HAWAIIAN PLANTS AND ANIMALS
Hawaii is the world's most isolated group of islands. North America is more than 4,000 kilometers,
or 2,500 miles, away. Extreme isolation made it difficult for plants and animals to colonize the islands because the
chances of seed or animals reaching the remote island chain were difficult by land or by water. An invertebrate colonized Hawaii once every 70,000 years, a plant
once every 100,000 years, and a bird once every million years. Endemic species arrived primarily via water.
Non-native species were introduced by American and European settlers. Some of these combined with the native
species to produce new varieties, while others competed for an ecological niche, eliminating some of their competitors.
Take some time to observe the flowers, plants, and life in the tidepools, as well as in the water
and be sure to have a camera.
Hibiscus, gardenias, anthuriums, and bird of paradise are among the most well-known
Hawaiian varieties of flowers. The most famous Hawai`ian tree varieties are kiawe, hau, pandanus, kukui, pandanus and koa.
One of the best ways to see all of the gorgeous flowers and trees this island offers is to visit the
Hawaii Tropical Botanical Garden near Hilo and Onomea Bay, where there are more than 2,000 species of palm trees,
heliconias, gingers, bromeliads, and hundreds of other rare and exotic plants.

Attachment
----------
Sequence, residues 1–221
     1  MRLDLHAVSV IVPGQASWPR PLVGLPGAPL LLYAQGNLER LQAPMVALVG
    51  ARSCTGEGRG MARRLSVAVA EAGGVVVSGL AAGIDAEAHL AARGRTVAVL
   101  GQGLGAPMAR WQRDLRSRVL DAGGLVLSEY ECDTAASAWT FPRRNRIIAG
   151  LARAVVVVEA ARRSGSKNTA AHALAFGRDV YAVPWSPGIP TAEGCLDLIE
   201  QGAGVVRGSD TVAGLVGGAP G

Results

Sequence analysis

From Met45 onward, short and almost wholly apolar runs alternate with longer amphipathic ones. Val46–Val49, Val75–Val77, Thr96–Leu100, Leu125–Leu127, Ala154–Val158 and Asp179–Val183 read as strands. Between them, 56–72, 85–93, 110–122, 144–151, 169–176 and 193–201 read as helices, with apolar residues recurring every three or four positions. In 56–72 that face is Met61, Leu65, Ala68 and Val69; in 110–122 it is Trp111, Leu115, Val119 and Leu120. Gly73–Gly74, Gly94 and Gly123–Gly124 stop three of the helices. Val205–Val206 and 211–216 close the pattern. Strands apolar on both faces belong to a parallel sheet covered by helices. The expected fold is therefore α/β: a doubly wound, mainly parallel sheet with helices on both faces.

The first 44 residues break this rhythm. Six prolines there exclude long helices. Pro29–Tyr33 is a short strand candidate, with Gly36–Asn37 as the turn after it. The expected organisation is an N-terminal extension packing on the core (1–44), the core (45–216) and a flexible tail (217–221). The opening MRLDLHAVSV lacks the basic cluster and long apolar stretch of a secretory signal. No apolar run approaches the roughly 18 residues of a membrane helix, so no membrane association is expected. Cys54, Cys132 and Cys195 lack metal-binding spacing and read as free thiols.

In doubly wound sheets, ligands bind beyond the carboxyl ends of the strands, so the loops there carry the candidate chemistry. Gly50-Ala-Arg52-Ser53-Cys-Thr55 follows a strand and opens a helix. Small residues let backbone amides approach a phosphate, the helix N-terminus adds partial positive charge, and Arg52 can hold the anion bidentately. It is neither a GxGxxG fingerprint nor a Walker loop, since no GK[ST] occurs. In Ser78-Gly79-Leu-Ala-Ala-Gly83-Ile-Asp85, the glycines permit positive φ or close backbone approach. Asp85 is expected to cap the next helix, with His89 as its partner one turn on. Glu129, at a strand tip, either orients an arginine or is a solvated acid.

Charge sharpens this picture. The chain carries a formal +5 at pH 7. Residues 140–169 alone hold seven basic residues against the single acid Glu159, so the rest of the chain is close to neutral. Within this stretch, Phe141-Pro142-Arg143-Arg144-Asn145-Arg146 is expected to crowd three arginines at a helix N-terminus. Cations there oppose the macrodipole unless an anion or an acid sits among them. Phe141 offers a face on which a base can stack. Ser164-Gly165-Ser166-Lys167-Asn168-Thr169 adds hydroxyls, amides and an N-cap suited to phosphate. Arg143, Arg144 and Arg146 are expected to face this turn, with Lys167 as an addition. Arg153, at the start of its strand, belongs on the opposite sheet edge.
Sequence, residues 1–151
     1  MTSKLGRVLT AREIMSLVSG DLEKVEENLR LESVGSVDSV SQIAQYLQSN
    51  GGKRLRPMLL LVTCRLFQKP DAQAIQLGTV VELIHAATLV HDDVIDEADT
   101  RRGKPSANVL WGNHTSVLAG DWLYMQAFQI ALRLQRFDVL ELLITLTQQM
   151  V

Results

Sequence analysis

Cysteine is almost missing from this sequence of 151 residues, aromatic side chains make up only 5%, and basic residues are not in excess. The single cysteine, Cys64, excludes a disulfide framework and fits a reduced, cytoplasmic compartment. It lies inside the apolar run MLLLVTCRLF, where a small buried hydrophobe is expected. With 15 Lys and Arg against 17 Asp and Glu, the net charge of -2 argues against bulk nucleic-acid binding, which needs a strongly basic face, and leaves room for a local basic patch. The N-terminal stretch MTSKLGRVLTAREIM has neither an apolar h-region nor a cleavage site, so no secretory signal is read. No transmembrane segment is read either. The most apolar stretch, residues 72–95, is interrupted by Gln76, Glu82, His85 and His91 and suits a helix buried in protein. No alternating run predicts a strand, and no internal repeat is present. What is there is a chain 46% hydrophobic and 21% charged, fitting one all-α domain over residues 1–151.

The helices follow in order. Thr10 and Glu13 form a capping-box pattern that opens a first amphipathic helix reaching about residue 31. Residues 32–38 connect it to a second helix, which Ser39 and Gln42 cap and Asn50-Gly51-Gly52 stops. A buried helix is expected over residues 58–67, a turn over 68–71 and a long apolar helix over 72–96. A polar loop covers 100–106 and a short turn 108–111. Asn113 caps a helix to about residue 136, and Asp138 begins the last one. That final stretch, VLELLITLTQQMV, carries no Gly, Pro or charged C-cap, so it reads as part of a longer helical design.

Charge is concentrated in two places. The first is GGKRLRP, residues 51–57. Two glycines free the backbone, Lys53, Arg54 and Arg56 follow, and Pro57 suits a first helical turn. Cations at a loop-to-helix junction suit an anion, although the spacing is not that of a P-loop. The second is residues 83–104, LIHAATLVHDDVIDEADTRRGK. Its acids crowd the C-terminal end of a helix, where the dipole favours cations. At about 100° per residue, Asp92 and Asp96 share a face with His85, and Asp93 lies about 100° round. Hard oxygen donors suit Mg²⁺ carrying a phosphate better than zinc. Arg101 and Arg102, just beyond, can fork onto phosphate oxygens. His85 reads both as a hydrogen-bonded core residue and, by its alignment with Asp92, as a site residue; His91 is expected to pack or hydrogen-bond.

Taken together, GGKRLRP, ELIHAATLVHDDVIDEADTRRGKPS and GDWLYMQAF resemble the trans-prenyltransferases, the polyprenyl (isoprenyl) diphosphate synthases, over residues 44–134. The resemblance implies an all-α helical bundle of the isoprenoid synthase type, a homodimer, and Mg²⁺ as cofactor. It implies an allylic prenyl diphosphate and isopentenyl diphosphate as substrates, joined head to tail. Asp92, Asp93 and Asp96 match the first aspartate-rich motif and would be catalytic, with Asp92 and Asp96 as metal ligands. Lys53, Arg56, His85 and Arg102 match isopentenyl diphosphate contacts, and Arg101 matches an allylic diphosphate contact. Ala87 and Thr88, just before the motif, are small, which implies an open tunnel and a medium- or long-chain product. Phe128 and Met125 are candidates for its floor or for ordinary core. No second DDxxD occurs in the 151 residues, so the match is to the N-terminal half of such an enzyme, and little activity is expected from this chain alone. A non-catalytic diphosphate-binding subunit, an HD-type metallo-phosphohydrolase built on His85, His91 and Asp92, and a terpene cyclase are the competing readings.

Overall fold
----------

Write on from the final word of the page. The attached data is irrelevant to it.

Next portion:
Hawaii is home to some beautiful birds, including the state bird, the nene, found on islands of Maui, Kauai and Hawaii.
Birds can be seen looking for food at tide pools, and they frequently blend in beautifully with their surroundings. You'll enjoy
watching several colorful birds right from the lanai of our condo!
Only two butterfly species in Hawaii are native. One is the spectacular Kamehameha butterfly,
with its beautiful orange wings and white spots. There are several other accidentally and
intentionally introduced species that are blue, gold, white, and striped.
One of its best known inhabitants is the green sea turtle, or honu, which is protected by law, and can be seen basking in the sun
on warm beaches around the island. They swim through the water with ease, and can often be spotted floating on the tops of small waves.
Whales and Dolphins
The Kona coast is a great place to spot pods of spinner dolphins. And during the winter months when humpback whales migrate to the warm tropical waters
to give birth it is common to see these giants from the shore as they rest in the shallow waters. Or try a whale watching tour for a half day of fun.
Fish, Sharks, and Rays
And of course there are beautiful fish, corals, and a vast variety of other sea life,
from tiny clams and starfish hiding under rocks to larger spiny purple urchins and colorful fish to 10 foot manta rays. The Hawaiian state fish
is the humuhumunukunukupua'a, otherwise known as the reef triggerfish.
Its Hawaiian name translates as "patchwork fish with a snout like a pig." Locals refer to it simply as "humuhumu."
This colorful fish adorns t-shirts, jewelry, and pareaus, and just about everything else Hawaiian.
Look for it while snorkeling or diving.
One of the most amazing creatures is the gentle manta ray, a favorite of divers. These graceful creatures congregate in divers' lights and feed on microscopic
krill in the evenings after dark, sometimes as individuals, sometimes in small family groups.
Frequent divers can identify them by the spots on their undersides.